I never, ever tire of this view. This is descending from Turnagain Pass toward salt water--Turnagain Arm itself. You can just make out a slice of the water. The valley across the Arm is called Twenty Mile.


For some reason, this paragraph wants to be in bold face type, so after four tries, I will submit to a higher power. Sometimes you find the right flower in the right place and magic happens, as it did with these monkey flowers in a tiny creek.


I've been finding an unusual number of Q-tips along forty plus miles of highway--in rest areas, along the highway, behind guard rails.

I think I finally found the mothership.


The State gets federal highway funds to chew holes in the pavement. They're called rumble strips. A big ol' machine rolls along and gouges these deep ruts in the center and on both fog lines. They wake you up when you drift out of your lane.

So, I wondered what this was all about a couple weeks ago. The ruts were gone and what was left was a recess in the asphalt.

Ah. They're filling it in. Naughty, naughty. Not supposed to put rumble strips along here. Looks like they filled in three or four miles.

We hate them. They're terribly noisy when your tires hit them and you can't see them in the winter because they're covered with snow. Doesn't stop them from making noise, though. The highway guys hate them because they hold water, which causes all sorts of problems.


The following two pix are of Jerome Lake. It's a long, skinny lake in a narrow mountain pass. Because of this, the water often looks black, which is a very dramatic effect.

Except when you want it to look black. This sleeping loon got washed out in the reflection of vegetation. Shot this with a 200mm lens, then cropped it. That's why it looks so grainy.


Beats me. I heard someone say "Beam me up, Scotty," and when I turned around all I saw were these shoes.


See the guy leaning against his truck? I rescued him. Kind of.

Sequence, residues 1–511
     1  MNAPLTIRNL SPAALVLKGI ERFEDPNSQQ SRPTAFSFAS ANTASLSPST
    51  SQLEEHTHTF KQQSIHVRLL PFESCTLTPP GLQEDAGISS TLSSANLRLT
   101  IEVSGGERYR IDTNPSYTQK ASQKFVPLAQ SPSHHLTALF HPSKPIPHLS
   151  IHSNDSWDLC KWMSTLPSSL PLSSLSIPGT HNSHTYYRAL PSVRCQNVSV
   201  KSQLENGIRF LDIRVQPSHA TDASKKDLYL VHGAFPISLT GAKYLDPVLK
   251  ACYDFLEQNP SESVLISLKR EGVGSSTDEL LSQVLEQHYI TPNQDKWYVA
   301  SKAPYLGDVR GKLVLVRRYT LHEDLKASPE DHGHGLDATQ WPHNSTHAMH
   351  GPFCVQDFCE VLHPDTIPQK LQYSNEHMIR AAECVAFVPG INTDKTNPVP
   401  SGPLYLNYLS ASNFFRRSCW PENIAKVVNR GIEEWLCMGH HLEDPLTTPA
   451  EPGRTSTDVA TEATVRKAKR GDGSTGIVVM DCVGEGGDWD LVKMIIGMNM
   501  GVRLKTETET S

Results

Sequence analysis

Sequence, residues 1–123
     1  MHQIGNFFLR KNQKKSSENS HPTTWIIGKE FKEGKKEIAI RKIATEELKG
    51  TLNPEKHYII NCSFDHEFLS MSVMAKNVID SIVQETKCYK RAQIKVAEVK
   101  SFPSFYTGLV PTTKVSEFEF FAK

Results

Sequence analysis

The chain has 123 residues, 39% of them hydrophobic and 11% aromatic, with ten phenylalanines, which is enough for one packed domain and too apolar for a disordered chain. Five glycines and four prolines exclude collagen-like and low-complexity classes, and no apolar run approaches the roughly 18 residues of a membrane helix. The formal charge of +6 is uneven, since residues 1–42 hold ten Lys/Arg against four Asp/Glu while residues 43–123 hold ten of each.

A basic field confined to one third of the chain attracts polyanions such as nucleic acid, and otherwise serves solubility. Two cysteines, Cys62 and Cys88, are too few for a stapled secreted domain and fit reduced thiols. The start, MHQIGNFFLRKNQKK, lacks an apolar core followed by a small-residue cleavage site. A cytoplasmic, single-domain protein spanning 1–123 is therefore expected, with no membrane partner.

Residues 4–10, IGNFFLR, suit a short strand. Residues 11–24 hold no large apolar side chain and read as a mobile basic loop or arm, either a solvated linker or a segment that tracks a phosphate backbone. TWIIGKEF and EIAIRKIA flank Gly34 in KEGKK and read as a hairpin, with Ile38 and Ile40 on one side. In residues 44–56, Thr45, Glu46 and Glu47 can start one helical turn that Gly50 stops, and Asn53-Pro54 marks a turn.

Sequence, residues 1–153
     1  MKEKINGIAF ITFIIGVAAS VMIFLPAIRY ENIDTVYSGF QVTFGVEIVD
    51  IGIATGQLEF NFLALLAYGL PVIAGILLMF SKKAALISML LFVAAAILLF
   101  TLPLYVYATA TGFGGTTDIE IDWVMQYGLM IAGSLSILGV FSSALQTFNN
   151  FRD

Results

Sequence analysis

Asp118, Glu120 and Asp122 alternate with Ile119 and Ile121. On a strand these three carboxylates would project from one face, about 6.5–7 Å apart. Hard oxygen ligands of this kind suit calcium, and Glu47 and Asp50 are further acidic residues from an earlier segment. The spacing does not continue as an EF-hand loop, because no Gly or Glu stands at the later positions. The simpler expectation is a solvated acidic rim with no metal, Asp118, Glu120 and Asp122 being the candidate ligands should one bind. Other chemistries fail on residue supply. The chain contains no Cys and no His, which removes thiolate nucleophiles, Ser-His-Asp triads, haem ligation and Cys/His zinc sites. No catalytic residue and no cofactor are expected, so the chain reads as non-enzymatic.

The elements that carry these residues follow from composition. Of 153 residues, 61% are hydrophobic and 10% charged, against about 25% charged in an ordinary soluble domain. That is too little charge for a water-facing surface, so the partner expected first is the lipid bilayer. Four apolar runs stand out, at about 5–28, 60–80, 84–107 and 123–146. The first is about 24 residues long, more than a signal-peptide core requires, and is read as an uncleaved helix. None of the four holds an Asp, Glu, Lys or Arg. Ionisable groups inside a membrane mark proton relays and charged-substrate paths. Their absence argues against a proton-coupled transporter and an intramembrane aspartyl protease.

While I was cleaning up this pull out, he asked me what to do if you got bear spray in your eyes. I just happened to have a can with me, so I read the directions. "Flush with cool water." His eyes were very red and weepy.

Gave the guy a couple bottles of water. He told me he'd been in Whittier earlier and a black bear had tried to climb in the back of his truck where all his gear was, so he gave it a spray. He thought he must have gotten some of the pepper on his hands and then it got in his eyes. I think he might have gotten some wind drift.

He'd been sitting there for three hours, unable to see well enough to drive. He couldn't read the label on his can to see what to do.

A half hour and lots of eye washing later, he could see and off he went.

And now...


See that road sign on the other side of the road? I've been looking for it.

Here it is in close-up.

Now, watch for it....

Keep watching....


And the creek itself.

What this means is that I have now picked up litter from Mile 23.5 all the way--every step, every foot, every inch of the way--to Mile 75.2. Four hundred and eighty-three bags of litter. I did, however, do a few sections twice. But, this is seven miles beyond my usual stopping place. Just wanted to see some new territory.

I do both sides of the road, meaning I walked 52 miles and back for a total of 104. Plus 8 more for the four miles of Sterling Highway.

That's like walking from home to the far side of Anchorage. Except, someone would have to give me a ride home....

Aren't I just a glutton for punishment?


I leave you with this picture of what I think are Northern Black Currents against a guard rail post. The leaves are beautiful, but the berries are bristly and I don't know if they're edible. I just really liked the subtle colors.

1 comment:

  1. I thoroughly enjoyed ALL of your litter notes and nonsense.

    Congratulations on your litter picking achievements. I admire your determination and persistence. If I lived near you, I'd join you if you'd have me.

    You should feel good about helping the fellow with the bear spray in his eyes. Ouch! Sitting there for three hours must have been awful for him.

    You're my hero.